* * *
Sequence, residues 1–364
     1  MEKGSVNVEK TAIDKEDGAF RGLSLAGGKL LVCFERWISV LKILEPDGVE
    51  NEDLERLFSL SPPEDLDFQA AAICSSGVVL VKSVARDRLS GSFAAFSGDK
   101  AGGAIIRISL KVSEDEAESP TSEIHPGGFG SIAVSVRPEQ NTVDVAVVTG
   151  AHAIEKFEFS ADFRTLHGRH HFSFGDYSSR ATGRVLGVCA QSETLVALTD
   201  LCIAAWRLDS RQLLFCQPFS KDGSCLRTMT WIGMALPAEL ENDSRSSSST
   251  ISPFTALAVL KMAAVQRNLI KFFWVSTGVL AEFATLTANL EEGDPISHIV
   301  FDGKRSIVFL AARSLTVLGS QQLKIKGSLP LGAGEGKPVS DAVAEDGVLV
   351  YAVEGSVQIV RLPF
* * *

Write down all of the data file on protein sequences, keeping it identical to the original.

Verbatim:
Sequence, residues 1–364
     1  MEKGSVNVEK TAIDKEDGAF RGLSLAGGKL LVCFERWISV LKILEPDGVE
    51  NEDLERLFSL SPPEDLDFQA AAICSSGVVL VKSVARDRLS GSFAAFSGDK
   101  AGGAIIRISL KVSEDEAESP TSEIHPGGFG SIAVSVRPEQ NTVDVAVVTG
   151  AHAIEKFEFS ADFRTLHGRH HFSFGDYSSR ATGRVLGVCA QSETLVALTD
   201  LCIAAWRLDS RQLLFCQPFS KDGSCLRTMT WIGMALPAEL ENDSRSSSST
   251  ISPFTALAVL KMAAVQRNLI KFFWVSTGVL AEFATLTANL EEGDPISHIV
   301  FDGKRSIVFL AARSLTVLGS QQLKIKGSLP LGAGEGKPVS DAVAEDGVLV
   351  YAVEGSVQIV RLPF